Saturday, December 19, 2015

New Study Suggests that Man and Dog Have Been Close Friends for 33,000 Years

New Study Suggests that Man and Dog Have Been Close Friends for 33,000 Years

A new study reveals that the origin of man’s best friend may not have been where, or when, the scientific community previously believed. The analysis of a variety of ancient canine DNA has also helped researchers create a map of the journey of the domestic dog across the world.

This is believed to be the most complete study of dog genomes to date, and as the researchers wrote in their article published online in the journal Cell Research, “For the first time, our study unravels an extraordinary journey that the domestic dog has traveled on earth.”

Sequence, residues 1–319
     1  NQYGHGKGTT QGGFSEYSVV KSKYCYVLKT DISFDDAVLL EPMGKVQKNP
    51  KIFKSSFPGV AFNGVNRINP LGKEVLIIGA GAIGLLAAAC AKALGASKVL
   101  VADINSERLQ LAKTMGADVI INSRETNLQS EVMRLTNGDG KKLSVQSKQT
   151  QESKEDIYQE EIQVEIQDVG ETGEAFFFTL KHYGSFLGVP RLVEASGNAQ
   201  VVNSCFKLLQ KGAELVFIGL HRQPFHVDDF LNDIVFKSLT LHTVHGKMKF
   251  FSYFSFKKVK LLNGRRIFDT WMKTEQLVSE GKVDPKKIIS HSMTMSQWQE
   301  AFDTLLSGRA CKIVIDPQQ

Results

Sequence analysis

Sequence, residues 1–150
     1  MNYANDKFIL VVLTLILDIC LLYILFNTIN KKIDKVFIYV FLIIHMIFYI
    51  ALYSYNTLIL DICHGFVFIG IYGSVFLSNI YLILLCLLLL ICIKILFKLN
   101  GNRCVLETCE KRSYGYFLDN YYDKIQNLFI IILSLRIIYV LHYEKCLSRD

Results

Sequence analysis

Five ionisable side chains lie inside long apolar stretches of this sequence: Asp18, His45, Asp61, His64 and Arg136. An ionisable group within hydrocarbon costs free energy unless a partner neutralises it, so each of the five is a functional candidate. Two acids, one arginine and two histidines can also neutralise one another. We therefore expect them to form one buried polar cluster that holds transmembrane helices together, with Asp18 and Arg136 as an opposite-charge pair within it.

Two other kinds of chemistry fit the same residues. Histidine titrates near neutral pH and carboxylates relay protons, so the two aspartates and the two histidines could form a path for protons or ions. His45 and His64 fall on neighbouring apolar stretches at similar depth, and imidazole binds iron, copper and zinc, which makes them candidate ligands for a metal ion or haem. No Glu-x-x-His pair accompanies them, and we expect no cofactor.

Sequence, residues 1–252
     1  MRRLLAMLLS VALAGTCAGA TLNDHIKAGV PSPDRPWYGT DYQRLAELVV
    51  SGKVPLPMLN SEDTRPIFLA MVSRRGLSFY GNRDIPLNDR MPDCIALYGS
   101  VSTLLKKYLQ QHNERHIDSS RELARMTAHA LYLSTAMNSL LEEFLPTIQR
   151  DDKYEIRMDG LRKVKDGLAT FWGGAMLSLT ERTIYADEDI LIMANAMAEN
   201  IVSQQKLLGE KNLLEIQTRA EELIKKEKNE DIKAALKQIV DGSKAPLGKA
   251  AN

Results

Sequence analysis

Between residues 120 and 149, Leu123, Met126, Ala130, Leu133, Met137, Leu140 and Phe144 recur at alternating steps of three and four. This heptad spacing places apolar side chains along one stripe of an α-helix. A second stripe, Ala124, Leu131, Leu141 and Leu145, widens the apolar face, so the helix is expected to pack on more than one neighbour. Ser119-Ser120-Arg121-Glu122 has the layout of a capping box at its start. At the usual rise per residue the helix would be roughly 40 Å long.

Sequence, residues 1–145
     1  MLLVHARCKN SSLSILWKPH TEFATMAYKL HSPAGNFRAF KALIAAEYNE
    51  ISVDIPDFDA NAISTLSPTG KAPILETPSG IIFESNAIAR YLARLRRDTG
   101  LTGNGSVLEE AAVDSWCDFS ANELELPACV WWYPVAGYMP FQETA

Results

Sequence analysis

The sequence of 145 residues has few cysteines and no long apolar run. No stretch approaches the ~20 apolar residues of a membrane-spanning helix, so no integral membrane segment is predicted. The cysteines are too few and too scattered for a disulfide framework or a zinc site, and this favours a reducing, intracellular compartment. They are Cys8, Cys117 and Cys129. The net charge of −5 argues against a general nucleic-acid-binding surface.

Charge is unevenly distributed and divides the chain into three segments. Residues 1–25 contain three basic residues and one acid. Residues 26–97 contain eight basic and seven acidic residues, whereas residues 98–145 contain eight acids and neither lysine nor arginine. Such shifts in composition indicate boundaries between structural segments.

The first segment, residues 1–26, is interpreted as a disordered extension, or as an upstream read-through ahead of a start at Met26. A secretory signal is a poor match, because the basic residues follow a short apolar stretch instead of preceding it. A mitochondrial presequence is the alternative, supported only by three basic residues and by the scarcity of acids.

Peter Savolainen of Sweden's KTH Royal Institute of Technology, and one of the contributors to the current study’s international team, told that while past studies also analyzed the entire nuclear genome, they failed to include samples from South East Asia – following the general belief that domesticated dogs had originated in the Middle East, Central Asia, or Europe.

This time the researchers conducted a DNA analysis using samples from more regions of the world and different time periods. They used this information to look for series of admixtures (events that occur when individuals from two or more separate species begin to interbreed). The results of their study have led them to assert that domesticated dogs most likely descended from gray wolves in South East Asia, about 33,000 years ago. Furthermore, they claim that the “founder population” numbered approximately 4,600 canines.